STYLE SHEET: (A style sheet is a set of requirements for formatting that is dictated by, for example, a newspaper, journal, or publishing house. In order for your work to be considered for publication, it must conform to the style sheet. In this case, your paper must conform to my style sheet. If it does not, you will lose points; the degree of point loss will correspond to the degree to which you fail to conform to the style sheet.)
Spacing Double-spacing except for quotations that are set off from the text (indented in their own column). Single-space such quotations. Check your word processor to be sure that the document line-spacing is set at 2 lines, not 1.5 or anything else.
Page 
numbering
Number your pages at top right, bottom center or bottom right. Do not write the numbers in by hand. Be sure that the header or footer that contains your page number does not make your page margins too wide. You can set the size of the header/footer boxes in your document-formatting menu.
Font I will accept only one font, a 12-point Times (incl. Times Roman and Times New Roman).
Margins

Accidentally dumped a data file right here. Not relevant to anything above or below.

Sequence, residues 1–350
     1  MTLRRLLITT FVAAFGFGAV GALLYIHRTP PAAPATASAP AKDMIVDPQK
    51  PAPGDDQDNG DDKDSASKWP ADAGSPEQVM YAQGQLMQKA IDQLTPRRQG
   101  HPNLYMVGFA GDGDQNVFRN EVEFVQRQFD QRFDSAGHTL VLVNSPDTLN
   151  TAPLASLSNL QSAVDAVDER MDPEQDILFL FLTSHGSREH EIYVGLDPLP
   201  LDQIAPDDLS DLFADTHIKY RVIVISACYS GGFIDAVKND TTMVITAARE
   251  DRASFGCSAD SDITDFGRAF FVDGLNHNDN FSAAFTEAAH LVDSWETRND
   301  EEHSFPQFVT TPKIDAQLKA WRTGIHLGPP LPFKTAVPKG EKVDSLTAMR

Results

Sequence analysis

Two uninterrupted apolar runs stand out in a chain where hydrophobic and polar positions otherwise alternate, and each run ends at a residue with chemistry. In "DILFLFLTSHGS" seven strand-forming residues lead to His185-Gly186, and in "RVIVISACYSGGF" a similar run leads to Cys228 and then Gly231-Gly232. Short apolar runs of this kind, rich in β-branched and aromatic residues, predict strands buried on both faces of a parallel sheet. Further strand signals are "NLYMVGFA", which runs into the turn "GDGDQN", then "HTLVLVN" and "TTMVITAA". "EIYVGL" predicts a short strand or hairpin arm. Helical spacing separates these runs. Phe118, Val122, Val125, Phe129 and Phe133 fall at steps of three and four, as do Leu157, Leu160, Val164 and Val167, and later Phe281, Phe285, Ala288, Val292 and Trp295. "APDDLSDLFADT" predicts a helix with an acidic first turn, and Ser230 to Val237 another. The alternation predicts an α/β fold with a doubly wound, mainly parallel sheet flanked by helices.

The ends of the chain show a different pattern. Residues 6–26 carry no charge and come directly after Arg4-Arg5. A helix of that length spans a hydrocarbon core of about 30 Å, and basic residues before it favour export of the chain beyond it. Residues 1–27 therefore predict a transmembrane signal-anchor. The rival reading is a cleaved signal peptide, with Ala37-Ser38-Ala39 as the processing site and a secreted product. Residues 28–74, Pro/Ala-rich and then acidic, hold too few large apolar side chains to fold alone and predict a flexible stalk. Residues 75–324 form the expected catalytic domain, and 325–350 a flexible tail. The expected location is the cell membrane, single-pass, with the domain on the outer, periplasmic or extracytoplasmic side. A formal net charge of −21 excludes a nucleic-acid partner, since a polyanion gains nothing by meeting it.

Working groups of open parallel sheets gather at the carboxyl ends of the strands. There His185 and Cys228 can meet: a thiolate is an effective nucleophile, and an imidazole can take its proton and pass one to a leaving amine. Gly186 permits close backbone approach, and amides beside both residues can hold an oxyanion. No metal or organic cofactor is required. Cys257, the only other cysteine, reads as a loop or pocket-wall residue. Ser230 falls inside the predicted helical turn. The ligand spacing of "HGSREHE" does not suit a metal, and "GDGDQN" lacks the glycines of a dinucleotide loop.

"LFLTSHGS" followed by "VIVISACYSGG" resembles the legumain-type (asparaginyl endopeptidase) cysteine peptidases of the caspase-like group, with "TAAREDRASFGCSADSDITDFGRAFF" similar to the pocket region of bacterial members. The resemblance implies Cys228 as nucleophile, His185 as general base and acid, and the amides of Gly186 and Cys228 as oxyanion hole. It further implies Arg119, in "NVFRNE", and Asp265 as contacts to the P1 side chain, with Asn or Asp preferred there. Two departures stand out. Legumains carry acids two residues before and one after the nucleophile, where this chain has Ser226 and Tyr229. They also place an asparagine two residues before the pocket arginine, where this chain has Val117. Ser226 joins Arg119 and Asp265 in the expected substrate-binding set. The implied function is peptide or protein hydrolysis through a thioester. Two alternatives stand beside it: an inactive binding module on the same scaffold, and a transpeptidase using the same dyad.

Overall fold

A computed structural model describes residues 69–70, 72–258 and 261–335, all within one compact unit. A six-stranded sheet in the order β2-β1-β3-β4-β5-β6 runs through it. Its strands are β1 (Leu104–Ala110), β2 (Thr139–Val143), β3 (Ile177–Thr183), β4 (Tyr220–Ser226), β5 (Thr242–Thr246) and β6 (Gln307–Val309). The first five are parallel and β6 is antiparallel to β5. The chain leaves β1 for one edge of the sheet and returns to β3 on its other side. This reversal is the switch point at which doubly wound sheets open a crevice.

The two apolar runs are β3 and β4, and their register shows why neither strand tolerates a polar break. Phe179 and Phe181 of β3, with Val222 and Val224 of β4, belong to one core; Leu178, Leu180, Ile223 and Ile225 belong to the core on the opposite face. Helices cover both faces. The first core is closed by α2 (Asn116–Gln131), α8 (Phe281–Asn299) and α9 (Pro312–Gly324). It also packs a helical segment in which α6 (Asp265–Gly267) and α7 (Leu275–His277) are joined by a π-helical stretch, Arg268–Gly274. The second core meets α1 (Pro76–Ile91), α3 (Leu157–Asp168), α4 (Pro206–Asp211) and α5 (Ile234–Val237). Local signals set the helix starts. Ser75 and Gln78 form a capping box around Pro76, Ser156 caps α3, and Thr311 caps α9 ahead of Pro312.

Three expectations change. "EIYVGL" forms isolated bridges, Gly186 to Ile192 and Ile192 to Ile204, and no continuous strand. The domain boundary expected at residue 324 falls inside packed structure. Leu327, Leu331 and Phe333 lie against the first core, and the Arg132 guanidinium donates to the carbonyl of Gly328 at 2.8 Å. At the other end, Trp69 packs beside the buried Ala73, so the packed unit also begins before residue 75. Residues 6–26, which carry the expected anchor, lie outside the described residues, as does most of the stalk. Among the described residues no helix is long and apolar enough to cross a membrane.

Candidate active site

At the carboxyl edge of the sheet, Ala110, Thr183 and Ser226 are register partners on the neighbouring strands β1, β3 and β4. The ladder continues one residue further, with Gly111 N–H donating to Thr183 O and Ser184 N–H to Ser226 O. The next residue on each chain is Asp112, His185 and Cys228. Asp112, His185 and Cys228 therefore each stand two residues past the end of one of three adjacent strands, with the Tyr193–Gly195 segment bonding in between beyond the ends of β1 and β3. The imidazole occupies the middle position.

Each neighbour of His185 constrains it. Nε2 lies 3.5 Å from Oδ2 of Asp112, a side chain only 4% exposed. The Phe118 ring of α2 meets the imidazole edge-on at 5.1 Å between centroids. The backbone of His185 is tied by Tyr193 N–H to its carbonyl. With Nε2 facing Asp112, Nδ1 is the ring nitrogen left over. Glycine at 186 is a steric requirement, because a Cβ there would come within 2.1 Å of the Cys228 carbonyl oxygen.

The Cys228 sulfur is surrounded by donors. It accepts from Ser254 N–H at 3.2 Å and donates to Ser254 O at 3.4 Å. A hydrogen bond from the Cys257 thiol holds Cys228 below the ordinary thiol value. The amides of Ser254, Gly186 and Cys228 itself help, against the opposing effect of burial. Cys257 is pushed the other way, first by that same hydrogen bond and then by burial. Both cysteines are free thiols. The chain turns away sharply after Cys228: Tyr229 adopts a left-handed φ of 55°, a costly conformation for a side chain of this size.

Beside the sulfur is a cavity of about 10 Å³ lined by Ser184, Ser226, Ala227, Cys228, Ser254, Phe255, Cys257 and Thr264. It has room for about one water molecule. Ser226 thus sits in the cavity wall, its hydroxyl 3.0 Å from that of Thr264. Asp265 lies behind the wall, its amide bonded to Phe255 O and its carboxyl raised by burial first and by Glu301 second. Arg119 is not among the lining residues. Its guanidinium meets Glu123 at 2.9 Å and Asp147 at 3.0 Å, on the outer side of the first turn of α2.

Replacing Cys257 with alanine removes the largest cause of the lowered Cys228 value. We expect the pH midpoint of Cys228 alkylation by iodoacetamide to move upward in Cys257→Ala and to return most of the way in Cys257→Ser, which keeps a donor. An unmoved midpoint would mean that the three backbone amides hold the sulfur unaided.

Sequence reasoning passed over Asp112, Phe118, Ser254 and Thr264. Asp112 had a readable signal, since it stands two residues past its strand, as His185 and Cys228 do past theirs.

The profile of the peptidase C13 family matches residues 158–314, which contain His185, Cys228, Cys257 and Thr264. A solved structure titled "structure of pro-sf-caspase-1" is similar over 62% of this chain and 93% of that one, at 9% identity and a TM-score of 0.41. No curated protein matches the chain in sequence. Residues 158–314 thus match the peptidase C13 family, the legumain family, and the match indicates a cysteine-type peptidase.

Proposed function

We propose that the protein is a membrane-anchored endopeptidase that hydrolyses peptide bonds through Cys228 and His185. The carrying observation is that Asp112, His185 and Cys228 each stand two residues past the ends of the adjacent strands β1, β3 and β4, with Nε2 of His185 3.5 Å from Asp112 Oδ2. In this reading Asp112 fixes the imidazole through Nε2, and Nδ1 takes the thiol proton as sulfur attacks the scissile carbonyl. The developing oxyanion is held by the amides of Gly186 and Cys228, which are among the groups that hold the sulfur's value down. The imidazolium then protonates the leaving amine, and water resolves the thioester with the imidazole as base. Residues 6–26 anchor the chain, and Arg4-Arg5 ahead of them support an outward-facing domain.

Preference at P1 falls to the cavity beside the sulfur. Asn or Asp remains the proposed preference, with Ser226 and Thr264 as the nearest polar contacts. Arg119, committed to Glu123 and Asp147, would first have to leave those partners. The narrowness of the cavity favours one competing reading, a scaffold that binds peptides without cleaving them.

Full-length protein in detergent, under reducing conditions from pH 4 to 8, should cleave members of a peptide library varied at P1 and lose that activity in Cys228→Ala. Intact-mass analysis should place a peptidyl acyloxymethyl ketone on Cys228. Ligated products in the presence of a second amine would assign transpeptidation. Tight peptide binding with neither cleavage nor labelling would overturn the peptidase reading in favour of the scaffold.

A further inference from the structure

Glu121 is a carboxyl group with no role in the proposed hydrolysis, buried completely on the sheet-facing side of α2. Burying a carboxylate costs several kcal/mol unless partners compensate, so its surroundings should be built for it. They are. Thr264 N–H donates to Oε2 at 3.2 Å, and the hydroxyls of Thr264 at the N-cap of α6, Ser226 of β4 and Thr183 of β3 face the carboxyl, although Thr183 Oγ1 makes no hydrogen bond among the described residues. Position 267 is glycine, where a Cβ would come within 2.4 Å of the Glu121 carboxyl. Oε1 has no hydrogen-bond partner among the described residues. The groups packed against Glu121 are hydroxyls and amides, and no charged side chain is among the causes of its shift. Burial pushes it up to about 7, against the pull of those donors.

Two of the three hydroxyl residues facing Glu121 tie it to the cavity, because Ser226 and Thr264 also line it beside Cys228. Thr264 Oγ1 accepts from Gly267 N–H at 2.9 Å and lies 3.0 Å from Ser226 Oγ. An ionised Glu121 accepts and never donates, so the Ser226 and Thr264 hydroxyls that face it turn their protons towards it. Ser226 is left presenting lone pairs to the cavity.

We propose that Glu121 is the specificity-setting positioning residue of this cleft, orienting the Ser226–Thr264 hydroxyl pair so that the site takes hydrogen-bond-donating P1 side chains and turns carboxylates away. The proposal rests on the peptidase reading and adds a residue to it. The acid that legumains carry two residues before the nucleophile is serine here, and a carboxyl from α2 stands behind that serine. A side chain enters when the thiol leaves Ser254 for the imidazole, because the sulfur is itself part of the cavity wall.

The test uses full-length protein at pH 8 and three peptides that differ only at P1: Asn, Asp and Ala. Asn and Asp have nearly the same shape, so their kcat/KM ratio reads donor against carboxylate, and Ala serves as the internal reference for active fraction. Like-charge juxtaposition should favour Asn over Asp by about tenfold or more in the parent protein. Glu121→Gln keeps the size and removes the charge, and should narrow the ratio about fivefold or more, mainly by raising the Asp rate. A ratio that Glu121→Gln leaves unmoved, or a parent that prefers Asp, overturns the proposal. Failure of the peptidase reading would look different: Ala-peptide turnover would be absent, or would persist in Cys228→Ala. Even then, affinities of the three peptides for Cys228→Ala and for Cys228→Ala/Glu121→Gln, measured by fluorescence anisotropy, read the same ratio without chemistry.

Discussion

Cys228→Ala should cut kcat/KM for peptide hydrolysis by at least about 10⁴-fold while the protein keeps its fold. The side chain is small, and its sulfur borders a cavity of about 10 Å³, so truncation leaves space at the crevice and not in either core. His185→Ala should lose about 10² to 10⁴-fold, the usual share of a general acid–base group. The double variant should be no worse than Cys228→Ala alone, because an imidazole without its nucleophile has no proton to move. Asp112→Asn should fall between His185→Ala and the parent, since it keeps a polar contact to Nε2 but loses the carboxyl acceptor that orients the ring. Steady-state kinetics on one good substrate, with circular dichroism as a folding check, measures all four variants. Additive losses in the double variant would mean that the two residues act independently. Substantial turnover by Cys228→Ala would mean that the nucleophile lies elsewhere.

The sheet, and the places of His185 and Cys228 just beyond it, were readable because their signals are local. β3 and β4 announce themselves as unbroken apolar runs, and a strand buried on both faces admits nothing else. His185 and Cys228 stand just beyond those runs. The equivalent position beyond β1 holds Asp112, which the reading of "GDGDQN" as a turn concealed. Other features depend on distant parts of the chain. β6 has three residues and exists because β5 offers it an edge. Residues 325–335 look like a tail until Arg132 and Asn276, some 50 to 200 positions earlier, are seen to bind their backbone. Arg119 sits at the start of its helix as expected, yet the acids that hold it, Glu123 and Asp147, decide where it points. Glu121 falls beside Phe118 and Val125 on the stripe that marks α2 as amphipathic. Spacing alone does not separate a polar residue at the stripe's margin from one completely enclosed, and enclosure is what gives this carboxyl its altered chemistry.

1" or 1.25" all around. Do not right-justify the margins (the left side of the text should be straight, but the right side "ragged").
Paper sections See above about page breaks. Do not add extra line breaks before and after subsection titles. This isn't necessary in a double-spaced paper.
Citation In-text citation MUST ALWAYS be by author's name and date of publication of the work being cited; include a page number when appropriate (for exact quotations, for instance). Example: "Form prompts meaning and must be suited to its task, just as the armor of Achilles had to be made to his size and abilities" (Fauconnier and Turner 2002, 5). Do not cite by title; be sure to include all authors' names if there are multiple authors (for more than three authors, use the first author's name followed by "et al." -- note the period with "al." Example: (Turner et al. 1996, 27). DO NOT USE FOOTNOTES OR ENDNOTES FOR CITATION.